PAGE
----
As an educator and a man who valued lifelong learning, John G. Riley would be proud to know that more than 30,000 schoolchildren have toured his home and come to know his story. For nearly 15 years, the Blended Lives program has offered every fourth-grader in the Leon County school district a look at his life and legacy. Spearheaded by the John Gilmore Riley Center/Museum for African American History & Culture Inc., the Blended Lives program introduces children to a local leader whose accomplishments continue to serve as inspiration.
Born a slave in 1857, Riley was taught to read by his aunt. He continued his education and became a teacher. He later served as the first African-American principal of a Leon County School and enjoyed a 49-year career of educational excellence and leadership. Riley rose to a place of prominence during a time when such a thing was all but unthinkable and, along the way, he acquired a significant amount of property.
Among the few African-Americans in Tallahassee to own land at the turn of the century, he was known for improving the homes on his property and renting them to other African-Americans.
The community that arose from this practice was known as Smokey Hollow.
Riley’s own home was built on the edge of Smokey Hollow, and it has been preserved as a museum, a historic landmark and featured location in the Blended Lives program.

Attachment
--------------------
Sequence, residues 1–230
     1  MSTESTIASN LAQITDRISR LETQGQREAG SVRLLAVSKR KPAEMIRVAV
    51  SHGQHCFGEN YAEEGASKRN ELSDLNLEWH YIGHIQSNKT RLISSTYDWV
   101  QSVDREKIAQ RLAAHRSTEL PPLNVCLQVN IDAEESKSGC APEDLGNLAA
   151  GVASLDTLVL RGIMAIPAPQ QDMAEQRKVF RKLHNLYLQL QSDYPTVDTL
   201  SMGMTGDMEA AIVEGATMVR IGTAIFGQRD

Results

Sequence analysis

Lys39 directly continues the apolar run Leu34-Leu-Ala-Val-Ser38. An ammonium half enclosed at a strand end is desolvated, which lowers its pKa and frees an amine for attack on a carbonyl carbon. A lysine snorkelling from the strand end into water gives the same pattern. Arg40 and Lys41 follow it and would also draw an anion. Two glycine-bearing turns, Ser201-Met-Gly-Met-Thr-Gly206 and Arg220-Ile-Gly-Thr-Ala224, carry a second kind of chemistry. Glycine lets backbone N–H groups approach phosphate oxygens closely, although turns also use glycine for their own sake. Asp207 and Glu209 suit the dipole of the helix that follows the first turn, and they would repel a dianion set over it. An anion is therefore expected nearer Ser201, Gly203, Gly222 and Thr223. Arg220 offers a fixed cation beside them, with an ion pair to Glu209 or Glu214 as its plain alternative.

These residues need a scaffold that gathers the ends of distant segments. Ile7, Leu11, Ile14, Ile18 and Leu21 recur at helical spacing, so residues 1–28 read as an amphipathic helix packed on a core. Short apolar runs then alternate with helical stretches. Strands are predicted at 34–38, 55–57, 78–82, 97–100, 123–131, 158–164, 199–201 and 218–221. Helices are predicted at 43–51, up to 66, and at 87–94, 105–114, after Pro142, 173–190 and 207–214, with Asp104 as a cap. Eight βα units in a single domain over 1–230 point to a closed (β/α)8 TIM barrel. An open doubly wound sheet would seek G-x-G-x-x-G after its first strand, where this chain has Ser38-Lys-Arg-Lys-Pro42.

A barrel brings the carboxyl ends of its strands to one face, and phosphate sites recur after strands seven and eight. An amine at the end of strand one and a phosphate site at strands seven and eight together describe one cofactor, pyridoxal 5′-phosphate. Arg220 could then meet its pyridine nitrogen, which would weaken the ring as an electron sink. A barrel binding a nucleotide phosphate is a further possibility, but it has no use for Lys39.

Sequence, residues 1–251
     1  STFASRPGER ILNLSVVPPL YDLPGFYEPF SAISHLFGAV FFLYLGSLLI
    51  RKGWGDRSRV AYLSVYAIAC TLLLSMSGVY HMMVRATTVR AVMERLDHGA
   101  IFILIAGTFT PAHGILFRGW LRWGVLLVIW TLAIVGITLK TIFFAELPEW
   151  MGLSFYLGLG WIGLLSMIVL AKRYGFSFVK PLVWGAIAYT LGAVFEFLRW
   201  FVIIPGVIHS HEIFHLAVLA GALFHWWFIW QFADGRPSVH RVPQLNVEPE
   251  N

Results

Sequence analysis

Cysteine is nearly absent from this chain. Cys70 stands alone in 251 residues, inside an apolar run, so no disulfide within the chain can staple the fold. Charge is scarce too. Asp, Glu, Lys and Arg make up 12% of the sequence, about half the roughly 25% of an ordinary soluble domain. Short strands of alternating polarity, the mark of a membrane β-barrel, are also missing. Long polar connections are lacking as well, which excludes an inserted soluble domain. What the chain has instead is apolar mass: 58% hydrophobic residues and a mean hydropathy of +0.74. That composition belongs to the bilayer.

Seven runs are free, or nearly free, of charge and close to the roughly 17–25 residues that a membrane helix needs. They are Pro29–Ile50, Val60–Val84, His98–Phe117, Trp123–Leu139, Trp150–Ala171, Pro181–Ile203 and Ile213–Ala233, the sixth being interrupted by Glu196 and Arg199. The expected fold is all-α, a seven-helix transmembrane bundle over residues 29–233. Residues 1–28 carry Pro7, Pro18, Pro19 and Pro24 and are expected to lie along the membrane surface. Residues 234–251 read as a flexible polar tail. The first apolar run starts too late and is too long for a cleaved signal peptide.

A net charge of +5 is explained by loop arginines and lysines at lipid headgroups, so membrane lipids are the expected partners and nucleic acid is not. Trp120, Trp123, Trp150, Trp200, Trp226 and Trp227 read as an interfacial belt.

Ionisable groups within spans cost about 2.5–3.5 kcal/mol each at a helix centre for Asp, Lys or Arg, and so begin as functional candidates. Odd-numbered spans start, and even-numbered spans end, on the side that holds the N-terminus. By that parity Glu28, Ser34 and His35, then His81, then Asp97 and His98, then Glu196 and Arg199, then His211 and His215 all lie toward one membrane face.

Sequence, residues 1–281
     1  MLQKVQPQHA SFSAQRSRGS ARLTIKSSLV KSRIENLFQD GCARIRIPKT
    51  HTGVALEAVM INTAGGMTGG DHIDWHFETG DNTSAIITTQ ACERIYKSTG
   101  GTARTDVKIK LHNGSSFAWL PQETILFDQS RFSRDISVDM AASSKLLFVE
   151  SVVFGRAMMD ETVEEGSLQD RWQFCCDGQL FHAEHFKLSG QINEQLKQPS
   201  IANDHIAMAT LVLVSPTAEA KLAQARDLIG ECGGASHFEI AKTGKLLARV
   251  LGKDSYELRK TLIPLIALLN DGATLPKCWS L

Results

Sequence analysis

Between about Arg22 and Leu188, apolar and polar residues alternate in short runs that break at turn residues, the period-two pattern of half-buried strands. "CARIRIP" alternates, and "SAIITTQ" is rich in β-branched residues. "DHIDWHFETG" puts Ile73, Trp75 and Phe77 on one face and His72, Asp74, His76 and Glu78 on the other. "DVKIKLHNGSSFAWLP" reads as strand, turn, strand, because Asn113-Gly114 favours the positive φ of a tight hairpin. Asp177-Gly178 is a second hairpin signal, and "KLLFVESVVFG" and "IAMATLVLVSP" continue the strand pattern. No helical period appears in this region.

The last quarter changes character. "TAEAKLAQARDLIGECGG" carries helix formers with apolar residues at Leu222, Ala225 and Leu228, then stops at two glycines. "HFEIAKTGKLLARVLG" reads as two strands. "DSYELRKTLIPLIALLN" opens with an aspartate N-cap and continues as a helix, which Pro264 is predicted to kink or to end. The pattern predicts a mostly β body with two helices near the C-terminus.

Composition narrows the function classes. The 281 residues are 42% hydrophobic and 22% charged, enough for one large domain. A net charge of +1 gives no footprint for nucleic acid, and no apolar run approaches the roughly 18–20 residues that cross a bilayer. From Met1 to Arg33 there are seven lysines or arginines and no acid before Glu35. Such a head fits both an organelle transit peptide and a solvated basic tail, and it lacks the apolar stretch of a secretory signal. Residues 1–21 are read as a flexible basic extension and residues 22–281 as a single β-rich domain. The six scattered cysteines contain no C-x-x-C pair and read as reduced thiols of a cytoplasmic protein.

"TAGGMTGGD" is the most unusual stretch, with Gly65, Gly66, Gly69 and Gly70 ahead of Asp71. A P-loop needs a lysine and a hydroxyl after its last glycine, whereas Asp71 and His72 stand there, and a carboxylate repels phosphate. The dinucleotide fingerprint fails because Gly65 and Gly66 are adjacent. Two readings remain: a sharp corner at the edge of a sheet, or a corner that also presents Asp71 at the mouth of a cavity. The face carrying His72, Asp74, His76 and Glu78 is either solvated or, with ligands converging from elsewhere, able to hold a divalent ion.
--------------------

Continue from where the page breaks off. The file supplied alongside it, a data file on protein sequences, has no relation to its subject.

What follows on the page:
Levitticus Roberts is the Riley Center’s director of museum education and for the past five years has coordinated Blended Lives. Holding true to the main goal of the educational experience, she hopes that students gain “a complete understanding that African-American history is not separate from American history, it’s intertwined.
That’s the whole concept of Blended Lives. You have these different genres of history, but it’s all one in the same, not separate compartments.”
To better illustrate this point, the Riley Center works with the Florida Historic Capitol and Goodwood Museum & Gardens to bring history into context. In partnership with Leon County Schools, a curriculum is developed with the collaboration of area fourth-grade teachers. Students work through that content before they board the bus for the site visit.
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